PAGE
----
• Would I rather have my child do a little of all kinds of activities or stick with one or two things and get good at what they are doing? This question deserves a well thought out answer.

So far the ideas under discussion have been about parental attitudes. It’s time to give attention to the child’s ideas:

  • Does this child enjoy music?
  • Does he/she enjoy learning new activities, ideas, skills?
  • Has he/she attended any concerts, orchestral, chamber music, church choir, youth orchestra or (good thought!) a student recital of a prospective teacher.

All of these experiences could help a youngster see himself/herself in these settings and come up with a meaningful reaction.

After considering these questions, you want to find a music teacher who is a match for your own preferences. Asking yourself these questions helps you get clear on what you want (and on what you and your child are motivated to do). Write down what is important for you and your child and go and meet with a few prospective teachers to ask meaningful questions and determine if you are a good match.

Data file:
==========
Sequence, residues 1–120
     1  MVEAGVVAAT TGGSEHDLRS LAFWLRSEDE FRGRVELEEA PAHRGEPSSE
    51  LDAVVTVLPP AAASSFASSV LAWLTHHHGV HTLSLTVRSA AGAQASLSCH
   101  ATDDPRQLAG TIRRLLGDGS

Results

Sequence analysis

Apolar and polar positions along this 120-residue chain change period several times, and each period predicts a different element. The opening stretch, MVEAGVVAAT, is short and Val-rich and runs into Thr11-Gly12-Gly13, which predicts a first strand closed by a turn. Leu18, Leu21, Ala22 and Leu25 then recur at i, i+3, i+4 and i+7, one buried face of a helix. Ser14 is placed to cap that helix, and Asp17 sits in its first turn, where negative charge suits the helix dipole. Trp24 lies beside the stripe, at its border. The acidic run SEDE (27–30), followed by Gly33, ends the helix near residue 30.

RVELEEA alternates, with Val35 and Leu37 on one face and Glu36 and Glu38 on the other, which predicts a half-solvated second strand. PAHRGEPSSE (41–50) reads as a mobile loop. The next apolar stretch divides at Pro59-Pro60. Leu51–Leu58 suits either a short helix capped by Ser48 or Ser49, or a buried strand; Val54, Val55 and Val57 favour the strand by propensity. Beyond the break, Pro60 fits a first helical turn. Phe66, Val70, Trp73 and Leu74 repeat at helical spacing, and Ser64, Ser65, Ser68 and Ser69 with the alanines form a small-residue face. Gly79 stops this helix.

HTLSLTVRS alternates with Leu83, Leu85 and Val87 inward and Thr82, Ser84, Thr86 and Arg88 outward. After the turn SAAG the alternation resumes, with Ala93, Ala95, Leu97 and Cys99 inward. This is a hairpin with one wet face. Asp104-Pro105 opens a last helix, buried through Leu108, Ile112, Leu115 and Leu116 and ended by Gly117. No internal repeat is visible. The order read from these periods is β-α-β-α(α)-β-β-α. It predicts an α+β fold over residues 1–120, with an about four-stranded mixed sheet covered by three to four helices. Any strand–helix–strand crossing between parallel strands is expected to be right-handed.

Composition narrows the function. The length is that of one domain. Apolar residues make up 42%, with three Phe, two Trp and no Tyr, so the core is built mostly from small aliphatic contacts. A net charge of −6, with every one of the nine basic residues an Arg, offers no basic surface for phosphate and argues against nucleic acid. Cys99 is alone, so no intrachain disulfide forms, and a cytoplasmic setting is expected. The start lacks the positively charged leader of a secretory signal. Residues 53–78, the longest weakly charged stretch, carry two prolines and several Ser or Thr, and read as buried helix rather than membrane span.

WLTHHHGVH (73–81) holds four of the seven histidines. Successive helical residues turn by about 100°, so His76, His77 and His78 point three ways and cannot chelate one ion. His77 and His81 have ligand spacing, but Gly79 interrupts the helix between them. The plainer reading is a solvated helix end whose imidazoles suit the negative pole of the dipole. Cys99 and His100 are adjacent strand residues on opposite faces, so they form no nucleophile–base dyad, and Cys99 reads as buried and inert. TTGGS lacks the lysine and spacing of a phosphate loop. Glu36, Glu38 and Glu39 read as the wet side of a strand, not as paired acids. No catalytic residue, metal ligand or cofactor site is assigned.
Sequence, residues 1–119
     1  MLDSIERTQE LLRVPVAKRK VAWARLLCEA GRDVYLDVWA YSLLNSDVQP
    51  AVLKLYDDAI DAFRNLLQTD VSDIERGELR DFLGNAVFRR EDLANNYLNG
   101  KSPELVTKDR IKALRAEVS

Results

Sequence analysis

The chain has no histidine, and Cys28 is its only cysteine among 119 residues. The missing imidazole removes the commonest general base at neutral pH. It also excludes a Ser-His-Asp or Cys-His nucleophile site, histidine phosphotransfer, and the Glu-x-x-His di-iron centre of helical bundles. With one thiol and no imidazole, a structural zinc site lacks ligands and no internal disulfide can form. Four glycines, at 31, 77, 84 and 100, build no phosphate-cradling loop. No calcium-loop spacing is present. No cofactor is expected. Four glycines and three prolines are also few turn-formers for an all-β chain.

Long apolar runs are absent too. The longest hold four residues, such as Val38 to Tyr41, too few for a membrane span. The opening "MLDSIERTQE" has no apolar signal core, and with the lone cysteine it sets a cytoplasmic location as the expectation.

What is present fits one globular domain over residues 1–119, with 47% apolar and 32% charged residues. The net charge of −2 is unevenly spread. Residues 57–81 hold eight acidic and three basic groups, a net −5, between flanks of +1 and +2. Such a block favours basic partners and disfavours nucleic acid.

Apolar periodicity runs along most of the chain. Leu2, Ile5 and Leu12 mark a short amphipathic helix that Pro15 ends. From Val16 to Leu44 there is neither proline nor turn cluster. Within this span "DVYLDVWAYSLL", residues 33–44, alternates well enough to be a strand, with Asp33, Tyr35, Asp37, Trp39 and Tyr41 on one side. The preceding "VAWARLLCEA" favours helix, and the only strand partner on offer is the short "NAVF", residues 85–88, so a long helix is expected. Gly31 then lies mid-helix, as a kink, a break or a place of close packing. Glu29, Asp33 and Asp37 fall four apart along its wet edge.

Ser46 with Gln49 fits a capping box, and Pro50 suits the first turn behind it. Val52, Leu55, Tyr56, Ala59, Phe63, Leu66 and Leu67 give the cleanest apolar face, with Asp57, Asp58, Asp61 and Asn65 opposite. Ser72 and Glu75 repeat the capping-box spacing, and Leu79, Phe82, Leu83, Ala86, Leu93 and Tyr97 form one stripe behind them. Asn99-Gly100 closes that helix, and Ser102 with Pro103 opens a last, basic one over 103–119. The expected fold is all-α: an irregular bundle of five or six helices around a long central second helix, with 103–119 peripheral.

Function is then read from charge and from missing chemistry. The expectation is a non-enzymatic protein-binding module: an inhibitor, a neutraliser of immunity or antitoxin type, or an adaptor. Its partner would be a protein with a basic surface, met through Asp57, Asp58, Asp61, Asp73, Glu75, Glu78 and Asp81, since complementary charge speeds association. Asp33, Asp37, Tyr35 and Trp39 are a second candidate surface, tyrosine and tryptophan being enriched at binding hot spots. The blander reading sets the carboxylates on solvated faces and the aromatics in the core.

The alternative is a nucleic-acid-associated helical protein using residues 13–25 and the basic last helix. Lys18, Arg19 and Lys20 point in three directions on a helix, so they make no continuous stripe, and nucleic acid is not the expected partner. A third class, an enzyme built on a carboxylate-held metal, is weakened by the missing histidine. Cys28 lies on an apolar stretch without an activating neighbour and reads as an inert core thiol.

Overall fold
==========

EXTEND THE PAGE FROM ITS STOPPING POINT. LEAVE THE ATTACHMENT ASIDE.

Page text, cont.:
May you be blessed in your considerations and decisions!

Check out the related post on new students materials checklist.


After 40+ years of teaching violin lessons, I am retiring this summer. It has been a pleasure watching children of all ages grow and develop their music skills and talent. I feel grateful to have enjoyed such a rewarding career.

I will be moving to Arvada to be closer to family. For the next few months, I won’t be writing much, but I plan to get back to blogging in full force in 2017. I hope you will return to join me at that time.

Have a great summer!

Mindset and the Suzuki Method

I have been digesting a paragraph from Dr. Carol Dweck’s book Mindset: The New Psychology of Success, (page 41).